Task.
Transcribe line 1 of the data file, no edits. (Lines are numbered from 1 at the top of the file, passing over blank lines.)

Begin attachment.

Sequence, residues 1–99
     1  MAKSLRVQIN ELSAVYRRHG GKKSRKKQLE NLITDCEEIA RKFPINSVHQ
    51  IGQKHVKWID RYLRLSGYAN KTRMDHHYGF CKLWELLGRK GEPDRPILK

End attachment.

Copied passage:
Sequence, residues 1–99